Stories about: Center on Media and Child Health

Social media and adolescent body image: What to know

Girl looking at cell phoneThe two strongest influencers on children’s attitudes toward their body image are their family unit and media. As clinicians, we must be attuned to our patients’ family dynamics and their online activities — and understand how these environmental factors influence their psychological and physical health.  …Read More

Dissecting the AAP’s new guidelines for child media use: Advice from The Mediatrician

baby-with-ipad

Children are exposed to screens earlier in life and for longer periods than ever before. Mobile technology has pervaded our society to the point where doctors and parents alike are asking: what effect is this having on young minds? On brain development? On socialization?

How much “screen time” is too much? How young is too young? And, of course, the follow-up question of our time: are all apps created equal?

Michael Rich, MD, director of the Center on Media and Child Health at Boston Children’s Hospital, has a crystal-clear message. “This is a critical part of parenting in the 21st century,” he says. “It is no longer a fringe issue. The first thing we have to do with pediatricians, he says, is get them to talk about it.

Rich, also known as “The Mediatrician,” conducted research that helped inform the American Academy of Pediatrics’ latest recommendations for children’s media use. …Read More

How much screen time is too much screen time for a preteen?

preteen video game Minecraft mediatrician Michael Rich
(Volt Collection/Shutterstock)

How much screen time is too much? That’s the essence of a question one parent sent in to Boston Children’s Hospital’s Mediatrician, Michael Rich, MD, MPH, director of the hospital’s Center on Media and Child Health, about the hours upon hours her preteen daughter spends on the computer playing Minecraft.

Rich notes that as screens have become ever present in society, the pediatric establishment’s view on screen time has evolved:

As technologies continue to develop and screen media become more and more prevalent in all of our lives, experts including the American Academy of Pediatrics (AAP) are moving away from the concept of screen time limits for children.

Before offering advice on how to talk to her daughter about her Minecraft time, Rich adds that families need to view a child’s on- and offline activities in the context of her age and developmental needs:

Remember, your daughter is at a stage in life where one of her key developmental tasks is how to prioritize activities and manage her time. Her academic and social demands are increasing and she is moving out of the nuclear family unit to a much larger universe of peers and the public. Minecraft is just one of many activities she will need to prioritize, put into perspective and ultimately regulate in terms of her time and attention. Ironically, time management and getting enough rest is essential to success within the game of Minecraft.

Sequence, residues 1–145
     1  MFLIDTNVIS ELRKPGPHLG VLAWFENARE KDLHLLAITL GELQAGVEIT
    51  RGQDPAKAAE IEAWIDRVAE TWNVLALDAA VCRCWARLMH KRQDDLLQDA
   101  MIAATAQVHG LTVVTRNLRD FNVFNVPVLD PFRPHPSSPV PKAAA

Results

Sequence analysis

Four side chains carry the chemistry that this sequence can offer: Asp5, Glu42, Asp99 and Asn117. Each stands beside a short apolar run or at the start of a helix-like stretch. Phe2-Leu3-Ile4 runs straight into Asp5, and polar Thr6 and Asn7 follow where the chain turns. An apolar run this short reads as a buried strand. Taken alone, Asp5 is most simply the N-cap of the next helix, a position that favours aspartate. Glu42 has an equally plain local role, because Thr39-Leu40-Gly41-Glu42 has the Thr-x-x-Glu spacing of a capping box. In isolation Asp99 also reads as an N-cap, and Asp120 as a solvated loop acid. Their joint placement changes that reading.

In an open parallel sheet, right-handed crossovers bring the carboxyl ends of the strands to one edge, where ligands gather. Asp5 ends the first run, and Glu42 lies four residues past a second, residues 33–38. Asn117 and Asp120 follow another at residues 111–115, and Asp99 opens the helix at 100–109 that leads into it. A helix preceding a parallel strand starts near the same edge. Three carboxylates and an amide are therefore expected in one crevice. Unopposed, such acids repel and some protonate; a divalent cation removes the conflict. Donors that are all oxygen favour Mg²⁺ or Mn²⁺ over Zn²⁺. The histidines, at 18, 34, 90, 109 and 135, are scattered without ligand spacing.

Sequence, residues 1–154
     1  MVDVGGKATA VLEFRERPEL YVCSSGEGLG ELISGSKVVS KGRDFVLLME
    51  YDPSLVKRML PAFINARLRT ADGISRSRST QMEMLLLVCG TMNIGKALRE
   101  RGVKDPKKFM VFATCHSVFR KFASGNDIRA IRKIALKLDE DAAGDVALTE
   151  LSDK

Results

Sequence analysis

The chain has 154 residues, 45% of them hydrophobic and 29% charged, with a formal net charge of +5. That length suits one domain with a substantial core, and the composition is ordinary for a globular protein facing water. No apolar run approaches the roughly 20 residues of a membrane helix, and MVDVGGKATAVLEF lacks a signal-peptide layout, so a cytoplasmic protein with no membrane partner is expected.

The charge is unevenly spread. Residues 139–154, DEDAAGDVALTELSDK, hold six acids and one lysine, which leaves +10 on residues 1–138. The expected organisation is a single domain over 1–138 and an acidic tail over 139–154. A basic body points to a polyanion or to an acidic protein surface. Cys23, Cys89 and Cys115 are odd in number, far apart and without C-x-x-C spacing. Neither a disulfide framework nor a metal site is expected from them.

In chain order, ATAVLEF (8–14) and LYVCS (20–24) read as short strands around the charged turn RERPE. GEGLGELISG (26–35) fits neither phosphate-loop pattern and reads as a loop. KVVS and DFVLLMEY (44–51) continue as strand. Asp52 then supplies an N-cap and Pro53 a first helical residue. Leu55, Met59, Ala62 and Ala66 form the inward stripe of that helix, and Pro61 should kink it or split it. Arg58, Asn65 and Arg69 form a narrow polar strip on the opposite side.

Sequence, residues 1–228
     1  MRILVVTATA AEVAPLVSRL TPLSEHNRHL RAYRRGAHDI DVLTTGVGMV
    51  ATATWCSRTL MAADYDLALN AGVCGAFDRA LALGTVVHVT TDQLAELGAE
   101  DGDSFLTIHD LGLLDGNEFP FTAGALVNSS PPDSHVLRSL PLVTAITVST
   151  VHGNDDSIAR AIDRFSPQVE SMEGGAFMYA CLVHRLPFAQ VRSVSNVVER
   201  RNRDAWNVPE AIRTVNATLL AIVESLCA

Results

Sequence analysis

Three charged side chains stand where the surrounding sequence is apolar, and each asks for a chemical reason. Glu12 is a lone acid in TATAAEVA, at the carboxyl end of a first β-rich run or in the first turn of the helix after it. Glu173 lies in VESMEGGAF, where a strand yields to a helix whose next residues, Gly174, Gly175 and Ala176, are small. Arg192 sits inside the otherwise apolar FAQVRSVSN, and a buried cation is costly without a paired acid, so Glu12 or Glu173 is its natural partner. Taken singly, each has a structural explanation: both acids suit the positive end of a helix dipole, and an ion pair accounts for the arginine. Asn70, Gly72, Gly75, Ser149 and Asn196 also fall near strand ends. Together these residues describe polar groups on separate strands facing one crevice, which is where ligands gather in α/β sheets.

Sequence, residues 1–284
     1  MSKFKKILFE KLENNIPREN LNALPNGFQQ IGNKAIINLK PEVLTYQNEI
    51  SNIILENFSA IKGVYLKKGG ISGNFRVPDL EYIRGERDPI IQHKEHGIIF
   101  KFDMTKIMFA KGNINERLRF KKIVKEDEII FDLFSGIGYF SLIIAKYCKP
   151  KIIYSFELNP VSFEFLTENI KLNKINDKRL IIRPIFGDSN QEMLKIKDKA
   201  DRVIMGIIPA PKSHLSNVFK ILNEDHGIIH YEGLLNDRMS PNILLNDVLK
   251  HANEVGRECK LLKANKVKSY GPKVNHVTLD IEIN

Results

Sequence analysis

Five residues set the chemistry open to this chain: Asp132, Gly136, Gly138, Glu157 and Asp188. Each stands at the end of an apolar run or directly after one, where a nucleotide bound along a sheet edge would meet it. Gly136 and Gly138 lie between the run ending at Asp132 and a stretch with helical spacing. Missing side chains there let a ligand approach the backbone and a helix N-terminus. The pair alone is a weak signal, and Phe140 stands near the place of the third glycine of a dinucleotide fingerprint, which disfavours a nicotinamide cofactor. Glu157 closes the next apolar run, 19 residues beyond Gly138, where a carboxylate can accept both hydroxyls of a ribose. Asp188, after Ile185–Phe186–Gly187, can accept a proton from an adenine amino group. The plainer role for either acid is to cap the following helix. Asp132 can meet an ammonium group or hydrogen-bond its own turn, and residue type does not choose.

See the rest of Rich’s response on our sister blog Thriving.

 

 

Read Full Story | Leave a Comment

Technology, teens and face-to-face communication

communication-2_Thriving_640x360

Are youth losing the ability to communicate face-to-face? A worried mother and student of media recently put that question to Boston Children’s Hospital’s Mediatrician, Michael Rich, MD, MPH, director of the hospital’s Center on Media and Child Health.

In his reply on our sister blog Thriving, Rich does not paint a comforting picture:

[Young people] have more connectivity than ever — and far less connectedness to others and to the world.

Not only are they disconnected in the moment, but this focus on devices can hinder their development of the social skills needed to communicate with others in-person.

But the issue is more nuanced than just too much time with screens:

Mobile phones are just tools and, used in healthy and safe ways, can help us communicate and stay connected (or reconnect) to people we love and can help us form new relationships with others all over the world. Technology only distances us when we misuse these tools by allowing them to come between us rather than connecting us.

See the rest of Rich’s response on Thriving.

Read Full Story | Leave a Comment